Interesting read. Marriage as an institution has undergone various changes and the prospects dont look too bright as it is weakening in the wake of changing socio-economic scenario. When the modes of production change, the society undergoes a change. The resultant increasing the so called individual consciousness has led to people indulging in serial monogamy and marriage as an institution is about to become redundant. The trend is on the rise in the countries like the USA and Germany.

Interesting read. Marriage as an institution has undergone various changes and the prospects dont look too bright as it is weakening in the wake of changing socio-economic scenario. When the modes of production change, the society undergoes a change. The resultant increasing the so called individual consciousness has led to people indulging in serial monogamy and marriage as an institution is about to become redundant. The trend is on the rise in the countries like the USA and Germany.
Simon Appleby on Friday, 24 February 2017 10:18

Formal registration of marriages in the West is not a new construct. As an example, since the 13th century the Reading of the Banns in the parish church for three Sundays prior to a wedding was a legal and canonical requirement, to protect parties from bigamy, forced marriage or incest. The church acted as both celebrant and agent of the state in scrutinising and registering the union.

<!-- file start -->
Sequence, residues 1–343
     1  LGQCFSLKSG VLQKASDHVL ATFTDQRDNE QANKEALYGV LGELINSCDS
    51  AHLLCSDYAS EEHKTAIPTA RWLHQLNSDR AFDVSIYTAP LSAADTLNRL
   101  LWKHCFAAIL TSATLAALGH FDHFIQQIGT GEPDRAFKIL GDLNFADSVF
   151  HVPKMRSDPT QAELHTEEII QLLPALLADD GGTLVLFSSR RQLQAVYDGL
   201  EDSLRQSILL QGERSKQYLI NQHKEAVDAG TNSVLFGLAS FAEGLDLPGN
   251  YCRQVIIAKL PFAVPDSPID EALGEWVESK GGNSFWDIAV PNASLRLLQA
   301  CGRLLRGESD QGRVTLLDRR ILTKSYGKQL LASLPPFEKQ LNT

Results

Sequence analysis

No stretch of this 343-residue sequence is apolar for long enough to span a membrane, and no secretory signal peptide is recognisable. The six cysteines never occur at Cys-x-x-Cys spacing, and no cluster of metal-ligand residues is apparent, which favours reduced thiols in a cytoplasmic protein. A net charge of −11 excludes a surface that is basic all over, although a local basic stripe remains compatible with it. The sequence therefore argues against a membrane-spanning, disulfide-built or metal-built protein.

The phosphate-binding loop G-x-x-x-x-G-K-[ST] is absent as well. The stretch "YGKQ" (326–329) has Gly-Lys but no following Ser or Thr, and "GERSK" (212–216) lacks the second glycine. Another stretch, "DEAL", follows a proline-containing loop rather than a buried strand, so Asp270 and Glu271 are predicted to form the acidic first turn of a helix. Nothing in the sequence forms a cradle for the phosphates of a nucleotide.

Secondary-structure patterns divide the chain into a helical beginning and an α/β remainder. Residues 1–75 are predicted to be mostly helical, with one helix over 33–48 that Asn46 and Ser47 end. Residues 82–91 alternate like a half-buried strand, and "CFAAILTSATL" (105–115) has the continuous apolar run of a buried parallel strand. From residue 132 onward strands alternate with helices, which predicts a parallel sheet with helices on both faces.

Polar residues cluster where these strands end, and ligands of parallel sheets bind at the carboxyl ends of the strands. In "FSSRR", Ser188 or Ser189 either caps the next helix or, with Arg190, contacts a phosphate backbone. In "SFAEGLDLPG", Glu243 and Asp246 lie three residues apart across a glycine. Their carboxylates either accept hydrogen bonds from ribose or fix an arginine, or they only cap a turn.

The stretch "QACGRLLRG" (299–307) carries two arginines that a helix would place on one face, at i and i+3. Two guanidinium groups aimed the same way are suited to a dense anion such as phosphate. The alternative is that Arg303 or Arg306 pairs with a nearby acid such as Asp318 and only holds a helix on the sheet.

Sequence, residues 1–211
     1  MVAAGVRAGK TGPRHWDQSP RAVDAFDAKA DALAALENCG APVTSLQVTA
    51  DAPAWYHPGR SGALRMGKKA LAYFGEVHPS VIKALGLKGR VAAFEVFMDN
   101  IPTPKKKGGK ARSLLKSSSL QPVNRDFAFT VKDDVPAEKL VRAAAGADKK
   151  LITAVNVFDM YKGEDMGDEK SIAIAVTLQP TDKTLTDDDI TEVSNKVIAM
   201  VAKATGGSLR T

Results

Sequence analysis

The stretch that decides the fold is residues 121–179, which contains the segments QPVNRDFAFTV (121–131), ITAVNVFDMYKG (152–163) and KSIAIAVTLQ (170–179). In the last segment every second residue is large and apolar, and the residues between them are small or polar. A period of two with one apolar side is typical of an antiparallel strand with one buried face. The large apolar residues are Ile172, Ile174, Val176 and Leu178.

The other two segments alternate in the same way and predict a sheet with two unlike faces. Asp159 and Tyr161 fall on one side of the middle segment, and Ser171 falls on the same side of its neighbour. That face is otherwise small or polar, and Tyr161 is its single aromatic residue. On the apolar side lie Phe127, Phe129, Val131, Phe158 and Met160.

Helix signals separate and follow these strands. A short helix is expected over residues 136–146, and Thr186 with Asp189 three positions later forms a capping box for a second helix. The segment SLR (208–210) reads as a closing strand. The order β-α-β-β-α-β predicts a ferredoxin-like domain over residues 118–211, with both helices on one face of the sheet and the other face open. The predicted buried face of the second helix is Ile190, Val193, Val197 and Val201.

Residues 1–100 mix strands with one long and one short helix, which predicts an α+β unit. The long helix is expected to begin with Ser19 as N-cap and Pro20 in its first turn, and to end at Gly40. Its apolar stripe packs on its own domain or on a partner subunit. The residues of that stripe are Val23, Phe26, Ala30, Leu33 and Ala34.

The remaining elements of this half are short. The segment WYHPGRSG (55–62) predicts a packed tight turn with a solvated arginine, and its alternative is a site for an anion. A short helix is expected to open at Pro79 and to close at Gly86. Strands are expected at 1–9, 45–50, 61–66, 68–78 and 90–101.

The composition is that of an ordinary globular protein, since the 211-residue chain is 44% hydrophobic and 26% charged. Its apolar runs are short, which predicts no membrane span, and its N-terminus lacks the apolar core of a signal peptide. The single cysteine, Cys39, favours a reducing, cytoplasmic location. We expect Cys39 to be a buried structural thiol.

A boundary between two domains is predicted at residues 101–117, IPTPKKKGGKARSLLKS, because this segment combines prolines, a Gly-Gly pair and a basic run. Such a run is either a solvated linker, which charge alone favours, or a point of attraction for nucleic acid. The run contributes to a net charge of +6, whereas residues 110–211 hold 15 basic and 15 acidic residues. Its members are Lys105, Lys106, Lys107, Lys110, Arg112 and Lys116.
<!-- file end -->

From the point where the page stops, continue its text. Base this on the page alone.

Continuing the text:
Charles Murrays study of white American society since 1963 found a schism in social norms between the upper middle class and working class regarding marriage, with marriage rates stabilising in the 1980s amongst the upper middle class and remaining stable thereafter, while blue collar America experienced plummeting marriage rates from the 1960s to today.

https://www.youtube.com/watch?v=LVskhzJR6NU

One could argue at length whether there is a causal association between falling marriage rates and the rise of other social ills like the able-bodied withdrawing from the labour market, substance abuse or high crime rates.

Georgia has an interesting anomaly not seen in many Western countries; there are many couples who have married in the Church, who have not registered their marriages in the Public Registry. According to society and Church canon law they are married, but according to the law of the land they are not.